Press release
01 Feb 2023  | Singapore, SG

Businesses and investors across Asia-Pacific at odds over sustainability efforts

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  • EY survey reveals wide gap between expectations of Asia-Pacific business leaders and investors on sustainability, posing risks to capital markets
  • 75% of investors say businesses are “highly selective” about disclosure on sustainability activity
  • 74% of region’s investors want companies to focus on environmental, social and governance (ESG) activity; but only 58% of businesses are willing to do so

Businesses and many of their biggest investors across Asia-Pacific do not agree on the action required to meet sustainability objectives – a clash of opinion that threatens to stifle access to capital for many organizations and could hinder progress on decarbonization, according to the latest EY Global Corporate Reporting and Institutional Investor Survey (pdf).

The survey canvasses the views of 1,040 chief financial officers (CFOs) and other senior finance leaders, and 320 institutional investors around the world, and looks at their expectations and goals in relation to sustainability investment and reporting.  

Long-term investments or short-term gains

According to the report, 74% of investor respondents believe companies should invest in improvements relating to ESG matters, even if it impacts their short-term profits, but only 58% of business leader respondents hold the same view.

Greenwashing concerns

Investors are also highly critical of businesses’ approach to disclosing important information on sustainability activity. Almost all investors surveyed (98%) say that ESG reporting is a crucial part of their investment decision-making, but three-quarters (75%) feel that organizations are “highly selective” about the information they provide – raising concerns about greenwashing. Furthermore, about nine in 10 (91%) hold the view that companies only disclose when they are forced to do so.

Room for improvement

Interestingly, many businesses do seem to recognize that there is room for them to improve their approach to reporting. Just over half (55%) of the organizations surveyed report they provide investors with relevant information on sustainability activity, leaving a significant cohort (45%) that recognize they do not; and almost two-fifths (38%) of finance leaders interviewed admit their current ESG reporting would not stand up to the scrutiny of basic assurance standards, known as “reasonable assurance.”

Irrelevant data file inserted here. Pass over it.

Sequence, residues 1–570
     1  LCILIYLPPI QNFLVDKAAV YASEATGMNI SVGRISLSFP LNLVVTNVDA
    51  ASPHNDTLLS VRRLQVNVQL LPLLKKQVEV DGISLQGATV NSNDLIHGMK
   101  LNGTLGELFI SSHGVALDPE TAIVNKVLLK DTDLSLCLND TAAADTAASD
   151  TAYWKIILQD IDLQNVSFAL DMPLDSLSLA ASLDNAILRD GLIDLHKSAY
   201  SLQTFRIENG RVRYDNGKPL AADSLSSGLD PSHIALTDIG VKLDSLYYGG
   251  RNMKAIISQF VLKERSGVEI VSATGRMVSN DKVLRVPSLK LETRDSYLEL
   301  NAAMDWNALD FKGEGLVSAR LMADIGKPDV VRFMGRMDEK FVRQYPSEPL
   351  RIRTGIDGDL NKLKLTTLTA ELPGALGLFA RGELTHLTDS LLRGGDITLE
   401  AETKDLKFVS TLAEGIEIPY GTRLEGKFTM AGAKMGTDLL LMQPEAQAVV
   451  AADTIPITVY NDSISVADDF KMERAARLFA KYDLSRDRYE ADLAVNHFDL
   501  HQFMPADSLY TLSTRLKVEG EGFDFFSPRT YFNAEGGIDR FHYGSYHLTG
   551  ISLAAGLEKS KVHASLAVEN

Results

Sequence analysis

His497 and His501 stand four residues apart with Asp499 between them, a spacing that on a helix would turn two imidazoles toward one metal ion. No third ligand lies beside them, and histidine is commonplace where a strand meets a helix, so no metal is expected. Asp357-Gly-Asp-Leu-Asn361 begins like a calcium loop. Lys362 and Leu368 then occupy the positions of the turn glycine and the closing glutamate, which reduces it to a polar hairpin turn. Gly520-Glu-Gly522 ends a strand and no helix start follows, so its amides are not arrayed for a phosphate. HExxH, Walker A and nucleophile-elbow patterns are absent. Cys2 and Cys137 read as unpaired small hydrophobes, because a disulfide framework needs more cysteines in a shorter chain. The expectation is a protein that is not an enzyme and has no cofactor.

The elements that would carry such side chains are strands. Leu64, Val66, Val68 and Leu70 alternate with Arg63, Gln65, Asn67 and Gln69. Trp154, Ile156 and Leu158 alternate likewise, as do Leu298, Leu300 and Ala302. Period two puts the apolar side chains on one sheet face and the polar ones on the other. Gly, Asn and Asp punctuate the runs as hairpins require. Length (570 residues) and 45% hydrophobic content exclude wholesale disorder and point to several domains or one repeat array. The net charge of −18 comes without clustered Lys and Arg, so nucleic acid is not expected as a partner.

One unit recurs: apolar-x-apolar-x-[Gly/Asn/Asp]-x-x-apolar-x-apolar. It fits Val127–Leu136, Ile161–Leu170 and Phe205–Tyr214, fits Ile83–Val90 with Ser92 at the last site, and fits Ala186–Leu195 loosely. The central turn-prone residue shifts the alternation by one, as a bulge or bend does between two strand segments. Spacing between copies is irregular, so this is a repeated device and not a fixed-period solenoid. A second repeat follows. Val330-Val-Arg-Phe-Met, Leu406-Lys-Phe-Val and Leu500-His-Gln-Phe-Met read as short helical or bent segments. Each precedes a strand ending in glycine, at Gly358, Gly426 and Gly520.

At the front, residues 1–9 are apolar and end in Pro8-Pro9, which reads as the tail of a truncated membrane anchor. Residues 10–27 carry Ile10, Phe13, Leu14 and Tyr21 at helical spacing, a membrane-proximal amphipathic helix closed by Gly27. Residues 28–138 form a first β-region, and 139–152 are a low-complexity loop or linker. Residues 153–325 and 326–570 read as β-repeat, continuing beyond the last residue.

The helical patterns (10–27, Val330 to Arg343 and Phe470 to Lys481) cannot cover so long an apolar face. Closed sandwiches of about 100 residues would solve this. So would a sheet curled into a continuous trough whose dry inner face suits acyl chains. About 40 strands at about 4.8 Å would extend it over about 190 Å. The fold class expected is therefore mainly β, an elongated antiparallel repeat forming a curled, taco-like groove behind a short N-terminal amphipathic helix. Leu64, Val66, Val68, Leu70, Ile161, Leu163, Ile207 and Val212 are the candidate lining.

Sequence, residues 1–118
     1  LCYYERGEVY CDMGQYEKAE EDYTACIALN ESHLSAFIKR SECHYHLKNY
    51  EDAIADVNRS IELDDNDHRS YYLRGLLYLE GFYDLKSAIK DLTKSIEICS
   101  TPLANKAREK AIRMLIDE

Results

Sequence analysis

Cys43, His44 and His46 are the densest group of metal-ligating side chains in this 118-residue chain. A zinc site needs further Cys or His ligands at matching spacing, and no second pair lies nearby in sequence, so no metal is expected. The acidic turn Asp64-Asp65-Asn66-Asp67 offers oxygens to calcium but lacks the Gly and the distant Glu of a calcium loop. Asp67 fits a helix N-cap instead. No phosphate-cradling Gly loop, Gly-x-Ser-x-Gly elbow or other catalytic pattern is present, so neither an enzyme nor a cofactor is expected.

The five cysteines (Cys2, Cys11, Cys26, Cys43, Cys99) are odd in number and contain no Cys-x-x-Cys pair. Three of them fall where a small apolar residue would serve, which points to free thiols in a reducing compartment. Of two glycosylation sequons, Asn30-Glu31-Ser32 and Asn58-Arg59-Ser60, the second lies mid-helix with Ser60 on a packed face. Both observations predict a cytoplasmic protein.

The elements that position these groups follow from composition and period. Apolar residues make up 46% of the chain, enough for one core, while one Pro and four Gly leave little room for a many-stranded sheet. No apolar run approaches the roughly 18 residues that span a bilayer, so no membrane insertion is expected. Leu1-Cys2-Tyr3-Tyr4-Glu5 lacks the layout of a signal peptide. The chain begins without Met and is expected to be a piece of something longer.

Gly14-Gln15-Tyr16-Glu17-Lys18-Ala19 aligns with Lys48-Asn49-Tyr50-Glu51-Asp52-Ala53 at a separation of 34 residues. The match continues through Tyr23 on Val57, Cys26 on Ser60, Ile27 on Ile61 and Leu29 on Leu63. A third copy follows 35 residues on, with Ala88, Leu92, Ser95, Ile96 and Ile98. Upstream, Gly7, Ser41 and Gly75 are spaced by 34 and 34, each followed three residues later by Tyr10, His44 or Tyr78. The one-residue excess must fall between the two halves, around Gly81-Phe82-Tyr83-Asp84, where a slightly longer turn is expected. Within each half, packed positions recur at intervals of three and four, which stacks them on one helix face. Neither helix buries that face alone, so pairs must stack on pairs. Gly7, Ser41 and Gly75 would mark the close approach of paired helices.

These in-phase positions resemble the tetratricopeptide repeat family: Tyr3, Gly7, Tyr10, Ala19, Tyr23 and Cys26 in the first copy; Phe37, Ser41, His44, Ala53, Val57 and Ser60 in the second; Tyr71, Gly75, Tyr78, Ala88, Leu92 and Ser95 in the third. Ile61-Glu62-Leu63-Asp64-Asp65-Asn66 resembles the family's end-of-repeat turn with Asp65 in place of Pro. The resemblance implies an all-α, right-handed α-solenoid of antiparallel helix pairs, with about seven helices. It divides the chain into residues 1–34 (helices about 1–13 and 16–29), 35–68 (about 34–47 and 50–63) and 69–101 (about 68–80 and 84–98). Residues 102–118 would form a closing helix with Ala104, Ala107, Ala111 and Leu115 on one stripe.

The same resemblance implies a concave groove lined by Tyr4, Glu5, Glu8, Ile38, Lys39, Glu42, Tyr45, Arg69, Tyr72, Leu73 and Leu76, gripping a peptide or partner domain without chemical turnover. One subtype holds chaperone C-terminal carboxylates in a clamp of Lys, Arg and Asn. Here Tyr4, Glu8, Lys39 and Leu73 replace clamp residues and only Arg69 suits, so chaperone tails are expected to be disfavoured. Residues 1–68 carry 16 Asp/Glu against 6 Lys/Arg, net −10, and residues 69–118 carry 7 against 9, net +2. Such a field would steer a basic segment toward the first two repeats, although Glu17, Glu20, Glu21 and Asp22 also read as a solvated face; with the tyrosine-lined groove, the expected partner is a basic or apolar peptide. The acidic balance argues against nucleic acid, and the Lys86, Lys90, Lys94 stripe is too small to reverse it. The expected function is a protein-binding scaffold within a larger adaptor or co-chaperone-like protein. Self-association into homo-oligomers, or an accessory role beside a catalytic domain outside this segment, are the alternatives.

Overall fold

Terence Jeyaretnam, EY Asia-Pacific Climate Change and Sustainability Services Leader, says:

“While companies are making progress on their sustainability credentials, investors still feel strongly that they are not getting the data-driven insights they require to evaluate a company’s strategy and risk profile, especially relating to ESG. It’s an information gap that threatens to stifle access to capital for many organizations and, ultimately, could hinder the advancement of decarbonization targets.”

Common ground on reporting flaws

The survey highlights some common ground between businesses and their investors. They agree that key issues demanding action include: the weaknesses of current reporting standards and the lack of requirements for supporting evidence; the separation of ESG reporting from mainstream financial reporting; and the lack of forward-looking disclosure.

The survey outlines steps that organizations can take to strengthen confidence, and highlights two priorities: improving sustainability reporting designed to meet expectations and elevating the role of finance leaders and the finance function in this reporting.

Notes to editors

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About the research

This report draws on a unique survey of companies and investors, providing a fresh perspective on the reporting and sustainability debate from both the issuers of reporting and the users of those disclosures. The research was conducted by FT-Longitude on behalf of EY Global Financial Accounting Advisory Services (FAAS) and EY Global Climate Change and Sustainability Services (CCaSS).

In all, 1,040 chief financial officers (CFOs) and financial controllers of large organizations were surveyed alongside 320 respondents from major buy-side institutions around the world:

  • Among the 1,040 company respondents, 50% are CFOs (including 16% Group CFOs) and 34% are financial controllers. Respondents were drawn from 25 countries across the Americas, Europe and Asia-Pacific, with 14 sectors represented, and 29% of the organizations had revenues of more than US$10b a year.
  • Among the 320 buy-side respondents, over a quarter (27%) are chief investment officers, and respondents are drawn from 23 countries across the Americas, Europe and Asia-Pacific. There is representation across different segments – banking and capital markets, insurance, wealth and asset management – and one-in-five (20%) have assets-under-management of US$50b or more.

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